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Desai sentenced to life in prison with possibility of parole for hepatitis outbreak

Dr. Dipak Desai was sentenced Thursday to life in prison with the possibility of parole after 18 years for his criminal convictions in the deadly hepatitis C outbreak.

His co-defendant, nurse anesthetist Ronald Lakeman, was sentenced to eight to 21 years behind bars.

Defense lawyers plan to appeal the July 1 convictions of both men, who are in custody at the Clark County Detention Center.

In handing out Desai’s sentence, District Judge Valerie Adair said there was “no worse betrayal of trust” in society than what Desai did to his patients.

She said he consistently demonstrated a disregard for their well-being.

Desai, 63, dressed in navy blue jail garb and chains, looked straight ahead and showed no emotion from his seat in inmate row in the packed courtroom as Adair sentenced him.

Chief Deputy District Attorney Mike Staudaher sought the tough sentence, telling Adair that Desai was motivated by greed and that the impact of his actions stretched beyond his many victims.

“This community essentially was put at risk over many years,” Staudaher said.

Desai’s lead defense lawyer, Richard Wright, described Desai as a “caring” and “religious” man who was deeply remorseful. He urged Adair to be lenient.

“This tragedy was not anticipated. It was not foreseen,” Wright said.

Desai’s health has deteriorated since he was jailed after his conviction in the 2007 hepatitis outbreak, Wright said.

In court papers earlier this week, Wright said a harsh sentence would do nothing but “feed into the hysteria that has surrounded this case since its inception.”

Lakeman’s lawyer, Rick Santacroce, also asked for leniency, arguing that Lakeman’s life, which included many good deeds, should not be defined by his role in the hepatitis outbreak.

Adair said she did not believe Lakeman set out to intentionally to harm patients, but he knew the risks he was taking.

“He knew what he was doing was wrong,” Adair said, adding he could have stepped forward and reported what was taking place.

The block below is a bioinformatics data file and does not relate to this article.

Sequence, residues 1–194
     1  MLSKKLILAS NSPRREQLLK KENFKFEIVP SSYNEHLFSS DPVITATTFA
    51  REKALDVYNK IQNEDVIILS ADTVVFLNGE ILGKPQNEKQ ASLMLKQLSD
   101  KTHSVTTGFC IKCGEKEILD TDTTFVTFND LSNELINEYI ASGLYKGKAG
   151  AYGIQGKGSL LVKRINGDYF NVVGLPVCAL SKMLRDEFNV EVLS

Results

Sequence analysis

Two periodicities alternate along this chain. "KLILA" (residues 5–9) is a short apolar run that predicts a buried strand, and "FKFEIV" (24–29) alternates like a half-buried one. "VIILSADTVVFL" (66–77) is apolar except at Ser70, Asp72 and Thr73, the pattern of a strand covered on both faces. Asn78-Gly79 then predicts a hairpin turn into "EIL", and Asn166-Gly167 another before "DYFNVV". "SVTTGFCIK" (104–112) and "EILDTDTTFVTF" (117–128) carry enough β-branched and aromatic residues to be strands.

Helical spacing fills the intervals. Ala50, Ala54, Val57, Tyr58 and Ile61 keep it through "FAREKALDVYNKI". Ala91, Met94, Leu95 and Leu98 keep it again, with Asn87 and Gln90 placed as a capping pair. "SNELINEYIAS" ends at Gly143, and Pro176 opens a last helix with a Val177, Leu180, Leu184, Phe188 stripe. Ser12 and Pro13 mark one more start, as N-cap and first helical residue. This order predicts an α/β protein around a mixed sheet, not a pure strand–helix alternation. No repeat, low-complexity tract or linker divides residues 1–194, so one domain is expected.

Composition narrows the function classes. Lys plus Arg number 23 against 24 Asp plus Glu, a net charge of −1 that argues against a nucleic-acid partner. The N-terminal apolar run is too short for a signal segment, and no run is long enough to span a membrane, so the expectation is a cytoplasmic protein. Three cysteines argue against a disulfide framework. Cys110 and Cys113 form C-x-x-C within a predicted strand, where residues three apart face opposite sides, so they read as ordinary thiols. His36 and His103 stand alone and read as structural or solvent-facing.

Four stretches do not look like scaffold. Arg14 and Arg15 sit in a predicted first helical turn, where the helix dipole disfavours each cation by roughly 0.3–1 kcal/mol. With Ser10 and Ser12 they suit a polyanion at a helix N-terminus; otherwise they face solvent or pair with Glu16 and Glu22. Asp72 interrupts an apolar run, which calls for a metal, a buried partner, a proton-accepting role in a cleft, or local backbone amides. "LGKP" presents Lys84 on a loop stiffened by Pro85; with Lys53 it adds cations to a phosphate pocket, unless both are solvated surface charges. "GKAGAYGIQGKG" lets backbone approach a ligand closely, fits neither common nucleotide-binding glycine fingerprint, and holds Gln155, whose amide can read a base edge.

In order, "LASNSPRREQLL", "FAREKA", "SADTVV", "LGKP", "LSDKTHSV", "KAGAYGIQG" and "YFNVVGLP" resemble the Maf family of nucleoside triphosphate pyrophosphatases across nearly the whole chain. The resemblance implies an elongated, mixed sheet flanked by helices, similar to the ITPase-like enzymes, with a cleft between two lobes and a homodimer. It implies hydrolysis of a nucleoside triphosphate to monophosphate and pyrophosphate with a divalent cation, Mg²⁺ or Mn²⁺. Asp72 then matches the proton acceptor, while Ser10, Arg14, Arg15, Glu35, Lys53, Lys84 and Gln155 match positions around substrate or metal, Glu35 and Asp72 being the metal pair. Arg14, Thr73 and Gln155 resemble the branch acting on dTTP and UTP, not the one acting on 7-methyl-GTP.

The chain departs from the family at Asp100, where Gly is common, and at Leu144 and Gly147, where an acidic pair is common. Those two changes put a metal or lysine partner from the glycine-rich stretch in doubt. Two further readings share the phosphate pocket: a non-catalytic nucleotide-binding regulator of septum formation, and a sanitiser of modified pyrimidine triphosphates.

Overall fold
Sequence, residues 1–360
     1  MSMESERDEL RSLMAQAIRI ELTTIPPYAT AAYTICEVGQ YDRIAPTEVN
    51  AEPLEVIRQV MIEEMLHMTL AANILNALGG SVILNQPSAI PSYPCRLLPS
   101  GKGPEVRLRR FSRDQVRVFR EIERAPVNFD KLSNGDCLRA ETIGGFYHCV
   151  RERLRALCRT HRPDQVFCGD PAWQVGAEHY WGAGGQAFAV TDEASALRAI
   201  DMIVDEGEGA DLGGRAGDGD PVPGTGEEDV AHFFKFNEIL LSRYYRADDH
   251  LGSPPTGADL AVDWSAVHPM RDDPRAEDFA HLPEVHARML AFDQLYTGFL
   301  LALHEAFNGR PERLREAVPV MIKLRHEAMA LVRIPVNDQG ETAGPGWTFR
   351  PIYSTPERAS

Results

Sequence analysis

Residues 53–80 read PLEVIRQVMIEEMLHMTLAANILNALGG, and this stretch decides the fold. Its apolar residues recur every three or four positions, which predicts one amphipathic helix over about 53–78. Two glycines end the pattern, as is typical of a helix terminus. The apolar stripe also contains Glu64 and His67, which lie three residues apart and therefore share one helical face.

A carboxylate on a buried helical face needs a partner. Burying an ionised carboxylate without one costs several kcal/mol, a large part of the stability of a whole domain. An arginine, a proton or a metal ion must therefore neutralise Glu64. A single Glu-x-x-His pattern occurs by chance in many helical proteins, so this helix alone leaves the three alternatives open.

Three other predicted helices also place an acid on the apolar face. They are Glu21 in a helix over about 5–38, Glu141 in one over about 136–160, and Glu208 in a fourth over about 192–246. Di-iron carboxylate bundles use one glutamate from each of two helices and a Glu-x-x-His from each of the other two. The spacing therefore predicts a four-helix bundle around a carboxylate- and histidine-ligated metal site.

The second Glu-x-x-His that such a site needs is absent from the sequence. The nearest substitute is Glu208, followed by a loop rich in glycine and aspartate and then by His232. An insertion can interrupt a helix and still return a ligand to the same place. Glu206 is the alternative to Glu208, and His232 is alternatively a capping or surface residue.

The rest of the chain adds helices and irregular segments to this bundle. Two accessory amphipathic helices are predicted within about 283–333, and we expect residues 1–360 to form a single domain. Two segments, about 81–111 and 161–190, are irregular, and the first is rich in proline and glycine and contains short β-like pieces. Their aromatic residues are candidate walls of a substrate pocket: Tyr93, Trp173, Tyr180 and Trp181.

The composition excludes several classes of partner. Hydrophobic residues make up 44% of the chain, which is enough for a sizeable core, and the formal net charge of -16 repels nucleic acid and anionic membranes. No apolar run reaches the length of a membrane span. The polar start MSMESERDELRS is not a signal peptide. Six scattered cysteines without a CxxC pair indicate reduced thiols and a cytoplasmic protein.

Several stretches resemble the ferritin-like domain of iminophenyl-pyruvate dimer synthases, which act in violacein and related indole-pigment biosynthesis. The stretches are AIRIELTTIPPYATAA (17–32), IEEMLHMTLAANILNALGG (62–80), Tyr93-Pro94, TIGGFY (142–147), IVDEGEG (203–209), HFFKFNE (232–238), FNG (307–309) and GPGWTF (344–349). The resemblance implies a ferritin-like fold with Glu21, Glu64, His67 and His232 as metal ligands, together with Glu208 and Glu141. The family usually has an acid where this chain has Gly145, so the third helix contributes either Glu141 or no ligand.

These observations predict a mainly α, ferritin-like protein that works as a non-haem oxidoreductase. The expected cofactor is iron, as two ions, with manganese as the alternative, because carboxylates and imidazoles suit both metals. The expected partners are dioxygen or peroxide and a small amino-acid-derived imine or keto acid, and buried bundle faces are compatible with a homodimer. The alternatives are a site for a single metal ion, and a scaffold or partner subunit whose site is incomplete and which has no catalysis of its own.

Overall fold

Santacroce said Lakeman, 66, who also was shackled in court, participated in more than 40,000 procedures without incident during his lengthy medical career.

Neither defendant addressed Adair before she handed out the sentence, and none of the victims testified.

Afterward, District Attorney Steve Wolfson lauded the punishment for what he called the “reckless behavior of these two professionals.”

“I think the sentences are fair when you consider how many people were harmed by the conduct of the defendants,” Wolfson said. “In addition to the loss of life and the others who contracted the potentially fatal hepatitis disease, there were thousands of other innocent victims who were notified that they had to come in for tests for the virus.”

After a two-month trial, a jury found Desai guilty of all 27 criminal counts related to the outbreak, including second-degree murder in the death of infected patient Rodolfo Meana, 77.

Some of Meana’s family members were in court Thursday.

Lakeman was acquitted on the murder charge and other charges tied to Meana’s April 2012 death but was found guilty of 16 other counts.

Desai and Lakeman were indicted with another nurse anesthetist, Keith Mathahs, in June 2010. Mathahs, 77, pleaded guilty and testified for the prosecution. He faces 28 to 72 months in prison at his sentencing Oct. 31.

The charges, which included criminal neglect of patients and insurance fraud, focused on the cases of Meana and six other patients infected with hepatitis C at Desai’s Endoscopy Center of Southern Nevada on Shadow Lane in 2007. Health officials genetically linked the blood-borne virus in those patients to the clinic.

Another infected patient, Michael Washington, 73, died in Texas in August. Wolfson said his office hasn’t decided whether to pursue additional murder charges against Desai and Lakeman.

In court Thursday, Staudaher told Adair that Washington’s death certificate shows he died from the hepatitis C virus.

During the lengthy trial, prosecutors contended unsafe injection practices involving the anesthetic propofol led to the outbreak. The combination of double-dipping syringes into propofol bottles used on multiple patients spread the virus from source patients infected with hepatitis C on two different dates in 2007, prosecutors contended.

Desai, who gave up his medical license, has suffered several strokes since the health district disclosed the outbreak in 2008.

He was declared competent to stand trial despite repeated concerns Wright raised about Desai’s inability to assist the lawyers on his defense team.

The verdict closed the book on one of the largest and most complicated criminal investigations undertaken by Las Vegas police.

The investigation was launched in March 2008 after health officials disclosed the outbreak and urged about 64,000 patients to get tested for blood-borne viruses.

Contact reporter Jeff German at jgerman@reviewjournal.com or 702-380-8135. Followhim on Twitter @JGermanRJ.

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